Bakushû [Early Summer]

A part of this view­ing list: Criterion Collection Spine #240: Yasujiro Ozu’s Early Summer.


As con­tem­po­rary dra­mas go, Ozu’s Early Summer man­ages to se­lect is­sues that are both time­less and prac­ti­cal in the in­stant of their gen­e­sis. It is at once a sto­ry of post-war Japan and fam­i­ly cri­sis, and a chance to ex­am­ine both rec­on­cil­i­a­tion and res­ig­na­tion to the al­ter­ing sta­tus quo. [Can you tell I’m try­ing to sound as pompous as pos­si­ble?]

Ozu’s vi­sion of post­war Japan is a good ful­crum for com­par­ing Japanese cin­e­ma that fo­cus­es on the tra­di­tion­al lifestyle, and that which takes rapid­ly as­sim­i­lat­ed Western cul­ture as its fo­cus. In this film, women in tra­di­tion­al garb vis­it mod­ern of­fices and sit in chairs and white-coat­ed doc­tors of in­ter­nal med­i­cine come home to pa­per walls and ex­tend­ed fam­i­ly. Lanes are still made of dirt, but women ride the train in­to Tokyo to earn their pay­checks. It is the chang­ing role of women, and their im­me­di­ate and con­fi­dent em­brace of op­por­tu­ni­ty [at least in the film’s world] that ends up caus­ing the rel­a­tive­ly mi­nor prob­lem that loose­ly serves as the plot.

Three gen­er­a­tions of the Mamiya fam­i­ly live in the same house, a not un­com­mon set-up in tra­di­tion­al Japan. Noriko, how­ev­er, is the un­tra­di­tion­al fam­i­ly mem­ber. At twen­ty-eight, she re­mains hap­pi­ly un­mar­ried. Everyone, in­clud­ing her boss, wants to get her hitched. They fo­cus on men who have good prospects, not wor­ry­ing about love in the slight­est. The match-mak­ing is meant to im­prove the family’s lot, any hap­pi­ness would be a mere byprod­uct. Noriko, main­ly through her si­lence, is po­lite but un­will­ing to com­mit to mar­ry­ing a man her boss has rec­om­mend­ed to her. Despite all of this, her fam­i­ly acts as if she is al­ready as good as mar­ried, and there is a pal­pa­ble sense of re­lief. Then, Noriko choos­es to mar­ry a wid­ow­er with a child, a man who al­so has good prospects and is her child­hood friend. She doesn’t ad­mit that she is in love, but she says she knows Yabe well enough that she can trust him all her life.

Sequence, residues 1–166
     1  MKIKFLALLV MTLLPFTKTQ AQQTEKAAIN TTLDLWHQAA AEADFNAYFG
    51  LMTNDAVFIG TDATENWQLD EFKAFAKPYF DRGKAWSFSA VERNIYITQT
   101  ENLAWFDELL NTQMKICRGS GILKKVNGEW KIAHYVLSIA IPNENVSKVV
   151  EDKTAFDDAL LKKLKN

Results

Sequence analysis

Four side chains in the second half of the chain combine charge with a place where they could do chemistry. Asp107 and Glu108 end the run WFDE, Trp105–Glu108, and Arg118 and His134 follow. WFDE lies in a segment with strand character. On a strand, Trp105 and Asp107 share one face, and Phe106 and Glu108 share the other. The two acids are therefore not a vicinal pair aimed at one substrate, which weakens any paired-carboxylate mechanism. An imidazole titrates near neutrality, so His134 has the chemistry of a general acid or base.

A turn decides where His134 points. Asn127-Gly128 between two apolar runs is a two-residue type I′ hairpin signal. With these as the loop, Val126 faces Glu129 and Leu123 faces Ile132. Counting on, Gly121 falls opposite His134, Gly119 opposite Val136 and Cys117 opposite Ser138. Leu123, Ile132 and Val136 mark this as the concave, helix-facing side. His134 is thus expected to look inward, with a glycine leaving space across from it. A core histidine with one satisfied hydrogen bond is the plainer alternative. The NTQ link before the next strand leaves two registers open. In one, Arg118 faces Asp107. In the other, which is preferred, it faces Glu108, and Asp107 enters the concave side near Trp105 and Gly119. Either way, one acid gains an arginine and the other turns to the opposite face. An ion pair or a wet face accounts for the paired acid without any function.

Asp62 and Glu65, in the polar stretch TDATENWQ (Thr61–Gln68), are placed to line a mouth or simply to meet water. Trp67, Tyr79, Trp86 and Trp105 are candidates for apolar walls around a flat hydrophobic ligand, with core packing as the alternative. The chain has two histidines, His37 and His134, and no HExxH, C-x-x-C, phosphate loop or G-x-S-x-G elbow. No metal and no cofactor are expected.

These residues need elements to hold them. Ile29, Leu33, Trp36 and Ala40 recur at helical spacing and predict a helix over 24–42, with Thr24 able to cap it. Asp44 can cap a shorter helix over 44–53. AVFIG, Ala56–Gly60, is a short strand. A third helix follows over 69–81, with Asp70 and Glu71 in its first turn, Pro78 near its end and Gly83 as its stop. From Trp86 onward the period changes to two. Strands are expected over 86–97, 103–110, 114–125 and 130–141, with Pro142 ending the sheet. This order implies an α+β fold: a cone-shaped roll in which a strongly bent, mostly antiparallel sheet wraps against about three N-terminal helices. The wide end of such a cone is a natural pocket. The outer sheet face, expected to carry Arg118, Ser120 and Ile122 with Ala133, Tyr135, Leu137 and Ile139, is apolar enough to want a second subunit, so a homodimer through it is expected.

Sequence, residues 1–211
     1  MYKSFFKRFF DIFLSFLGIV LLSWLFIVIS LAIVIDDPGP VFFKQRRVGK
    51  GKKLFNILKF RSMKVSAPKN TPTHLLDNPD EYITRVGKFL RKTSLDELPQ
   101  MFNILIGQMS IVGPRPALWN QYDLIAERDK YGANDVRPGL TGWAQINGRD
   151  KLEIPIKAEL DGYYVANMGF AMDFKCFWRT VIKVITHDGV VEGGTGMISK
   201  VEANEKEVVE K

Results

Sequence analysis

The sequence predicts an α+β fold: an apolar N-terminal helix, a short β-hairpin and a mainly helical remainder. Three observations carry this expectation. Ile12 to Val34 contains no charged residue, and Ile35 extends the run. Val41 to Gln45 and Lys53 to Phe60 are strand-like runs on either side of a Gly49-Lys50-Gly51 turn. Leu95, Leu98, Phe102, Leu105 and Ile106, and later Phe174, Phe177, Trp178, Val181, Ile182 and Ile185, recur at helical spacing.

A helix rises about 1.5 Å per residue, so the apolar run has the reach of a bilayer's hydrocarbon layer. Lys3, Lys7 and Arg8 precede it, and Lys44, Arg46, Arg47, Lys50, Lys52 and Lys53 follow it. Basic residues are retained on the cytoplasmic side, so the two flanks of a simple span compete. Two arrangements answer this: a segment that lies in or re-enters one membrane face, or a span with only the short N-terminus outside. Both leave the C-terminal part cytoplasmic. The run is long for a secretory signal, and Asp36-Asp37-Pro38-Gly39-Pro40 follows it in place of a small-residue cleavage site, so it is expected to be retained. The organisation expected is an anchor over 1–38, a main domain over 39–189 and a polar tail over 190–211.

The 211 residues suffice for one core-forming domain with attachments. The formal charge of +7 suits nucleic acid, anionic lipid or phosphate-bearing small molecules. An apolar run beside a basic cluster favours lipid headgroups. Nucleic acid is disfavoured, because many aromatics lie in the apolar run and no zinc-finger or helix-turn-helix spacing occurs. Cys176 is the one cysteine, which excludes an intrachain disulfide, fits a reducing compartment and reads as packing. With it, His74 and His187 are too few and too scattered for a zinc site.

The fam­i­ly doesn’t like the fact that she made this choice with­out con­sult­ing them, nor do they like that Noriko will have to move to Akita. Noriko’s par­ents had promised Uncle that they would move to Yamato when Noriko mar­ried. Through her own de­ci­sion for mar­riage, some­thing all want­ed for her, she scat­ters the fam­i­ly. Yet de­spite all of this anger and poignan­cy, the love of the fam­i­ly sus­tains. The grand­fa­ther is re­signed to the changes but thank­ful for the hap­pi­ness he’s had, Koichi is fo­cused on his doc­tor­ly am­bi­tions, and Noriko ful­ly em­braces the new world that is open­ing for her. They all know the changes are in­evitable.

I have to say that I re­al­ly like Ozu’s style. Apparently he on­ly used two height se­tups for his cam­era on a tri­pod, and cam­era move­ment is al­most nonex­is­tent, and serves more as a end-of-scene flour­ish and segue than as any­thing else. Since he on­ly us­es two heights, the fram­ing of his shots is de­ter­mined on­ly by the dis­tance he puts the cam­era from the ac­tion. Cuts in re­tain the same height but al­ter the frame sig­nif­i­cant­ly, nonethe­less. He al­so likes to hold shots af­ter the scene is end­ed to al­low a brief mo­ment of palate cleans­ing be­fore the next ac­tion be­gins. I’m quite in­ter­est­ed in watch­ing more by Ozu.


Criterion Essay by David Bordwell
Jim Jarmusch on Ozu [from Art Forum mag­a­zine]
An Ozu fan page